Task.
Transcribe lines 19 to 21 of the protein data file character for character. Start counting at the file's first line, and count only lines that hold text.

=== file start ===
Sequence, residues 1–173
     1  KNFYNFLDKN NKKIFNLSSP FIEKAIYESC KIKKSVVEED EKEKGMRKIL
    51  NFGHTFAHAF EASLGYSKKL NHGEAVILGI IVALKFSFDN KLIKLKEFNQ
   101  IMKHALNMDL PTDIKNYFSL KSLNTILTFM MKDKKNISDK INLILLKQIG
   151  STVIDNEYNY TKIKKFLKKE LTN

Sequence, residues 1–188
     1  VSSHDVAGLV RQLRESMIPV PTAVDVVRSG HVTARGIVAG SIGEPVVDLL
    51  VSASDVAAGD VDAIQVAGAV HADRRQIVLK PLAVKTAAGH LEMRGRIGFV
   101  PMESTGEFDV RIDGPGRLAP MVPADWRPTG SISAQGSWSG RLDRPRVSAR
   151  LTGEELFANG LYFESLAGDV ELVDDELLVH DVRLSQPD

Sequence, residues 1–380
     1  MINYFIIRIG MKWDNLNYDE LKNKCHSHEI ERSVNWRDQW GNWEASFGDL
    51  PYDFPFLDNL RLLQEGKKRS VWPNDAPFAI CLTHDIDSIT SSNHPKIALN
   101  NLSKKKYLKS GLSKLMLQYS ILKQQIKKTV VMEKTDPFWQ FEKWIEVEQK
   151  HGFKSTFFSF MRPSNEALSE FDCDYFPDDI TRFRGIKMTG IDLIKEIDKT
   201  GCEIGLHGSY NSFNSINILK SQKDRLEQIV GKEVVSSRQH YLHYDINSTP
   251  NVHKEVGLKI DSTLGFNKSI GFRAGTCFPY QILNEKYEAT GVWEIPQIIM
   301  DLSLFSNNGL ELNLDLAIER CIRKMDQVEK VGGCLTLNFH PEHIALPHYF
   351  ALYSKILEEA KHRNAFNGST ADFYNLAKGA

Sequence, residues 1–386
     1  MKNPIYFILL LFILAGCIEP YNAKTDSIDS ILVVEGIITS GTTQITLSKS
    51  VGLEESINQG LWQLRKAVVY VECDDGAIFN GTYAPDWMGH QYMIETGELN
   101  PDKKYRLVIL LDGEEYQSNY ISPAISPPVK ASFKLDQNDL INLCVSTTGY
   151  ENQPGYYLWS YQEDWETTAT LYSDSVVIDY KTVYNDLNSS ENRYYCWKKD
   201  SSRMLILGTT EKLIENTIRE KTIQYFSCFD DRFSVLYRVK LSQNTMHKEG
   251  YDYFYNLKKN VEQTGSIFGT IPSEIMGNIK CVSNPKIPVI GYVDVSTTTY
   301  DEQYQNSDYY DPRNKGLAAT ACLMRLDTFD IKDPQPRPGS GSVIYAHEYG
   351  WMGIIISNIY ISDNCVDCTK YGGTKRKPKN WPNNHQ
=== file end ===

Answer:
   351  ALYSKILEEA KHRNAFNGST ADFYNLAKGA

Sequence, residues 1–386
     1  MKNPIYFILL LFILAGCIEP YNAKTDSIDS ILVVEGIITS GTTQITLSKS